Table of Contents

Installation on Unix/Linux

Please see below for instructions on how to install TestRail on common Unix-based server systems, including Linux. See the requirements to learn more about supported operating and server systems.

Preparing the server

As TestRail is a web application (based on PHP), TestRail requires a web server, a database (MySQL) and a working PHP environment to be installed on the server. Installing Linux, Apache, MySQL and PHP (commonly referred to as LAMP) is out of scope of this installation guide. However, there are great how-to guides on how to install a LAMP system on popular Linux and Unix systems available on the net:

Installing the prerequisites

TestRail has been designed to have as few dependencies on external applications and PHP extensions as possible to make it run on various operating systems and platforms. To use TestRail on a Unix-based server with a MySQL database, the following PHP extensions are required:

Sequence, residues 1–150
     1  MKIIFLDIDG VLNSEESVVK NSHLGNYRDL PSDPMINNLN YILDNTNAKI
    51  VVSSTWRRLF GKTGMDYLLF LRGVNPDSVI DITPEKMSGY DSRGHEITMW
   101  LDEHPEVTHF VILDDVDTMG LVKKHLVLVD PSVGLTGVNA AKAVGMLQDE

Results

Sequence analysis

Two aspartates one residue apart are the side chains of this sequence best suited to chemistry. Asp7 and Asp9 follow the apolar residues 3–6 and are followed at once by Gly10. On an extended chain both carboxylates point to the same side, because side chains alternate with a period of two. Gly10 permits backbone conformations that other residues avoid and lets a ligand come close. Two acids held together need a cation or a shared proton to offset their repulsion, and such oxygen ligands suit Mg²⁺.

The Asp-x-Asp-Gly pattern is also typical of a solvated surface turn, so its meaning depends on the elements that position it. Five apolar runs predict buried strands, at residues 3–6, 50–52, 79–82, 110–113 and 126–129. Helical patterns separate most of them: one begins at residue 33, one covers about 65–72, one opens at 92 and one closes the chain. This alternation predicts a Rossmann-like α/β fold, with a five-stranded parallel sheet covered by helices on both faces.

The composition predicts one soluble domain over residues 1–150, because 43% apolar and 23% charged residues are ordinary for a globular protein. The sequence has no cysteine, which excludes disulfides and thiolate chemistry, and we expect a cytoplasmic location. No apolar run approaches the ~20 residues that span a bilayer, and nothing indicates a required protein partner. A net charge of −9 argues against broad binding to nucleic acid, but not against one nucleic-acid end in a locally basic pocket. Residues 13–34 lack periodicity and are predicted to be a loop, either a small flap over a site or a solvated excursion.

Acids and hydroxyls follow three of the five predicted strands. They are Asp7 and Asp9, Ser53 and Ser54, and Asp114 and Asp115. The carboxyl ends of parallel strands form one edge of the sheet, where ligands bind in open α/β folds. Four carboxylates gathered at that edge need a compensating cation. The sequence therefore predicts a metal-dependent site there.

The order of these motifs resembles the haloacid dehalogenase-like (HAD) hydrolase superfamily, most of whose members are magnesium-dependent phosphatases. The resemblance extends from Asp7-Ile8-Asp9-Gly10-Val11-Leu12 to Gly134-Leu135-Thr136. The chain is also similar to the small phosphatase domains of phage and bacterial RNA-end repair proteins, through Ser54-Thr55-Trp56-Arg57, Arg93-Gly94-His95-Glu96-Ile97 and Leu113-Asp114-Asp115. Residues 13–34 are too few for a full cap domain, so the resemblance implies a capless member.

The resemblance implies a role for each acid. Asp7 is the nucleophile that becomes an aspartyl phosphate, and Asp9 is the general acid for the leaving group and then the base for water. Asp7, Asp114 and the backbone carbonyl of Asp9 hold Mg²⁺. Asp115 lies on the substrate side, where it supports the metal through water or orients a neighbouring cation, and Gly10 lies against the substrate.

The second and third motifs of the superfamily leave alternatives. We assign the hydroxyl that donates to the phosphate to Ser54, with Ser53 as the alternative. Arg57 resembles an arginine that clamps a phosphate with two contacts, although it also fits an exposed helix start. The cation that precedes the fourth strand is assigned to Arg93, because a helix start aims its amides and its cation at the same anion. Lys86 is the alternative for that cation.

Depending on the operating system and platform, the mysql and curl PHP extensions must be installed (via the platform's package manager) and activated in the PHP.ini configuration file. For example, the following command installs the extensions on Debian/Ubuntu systems:

$ sudo apt-get install php5-mysql php5-curl

On some systems, these modules also have to be activated in the PHP.ini configuration file (systems such as Ubuntu automatically activate the extensions when they are installed). To do this, please add the following lines to the end of the configuration file (make sure that they aren't already activated in the PHP.ini). On most systems you can find the PHP.ini under /etc/php5, /etc/php or /etc/php5/apache2: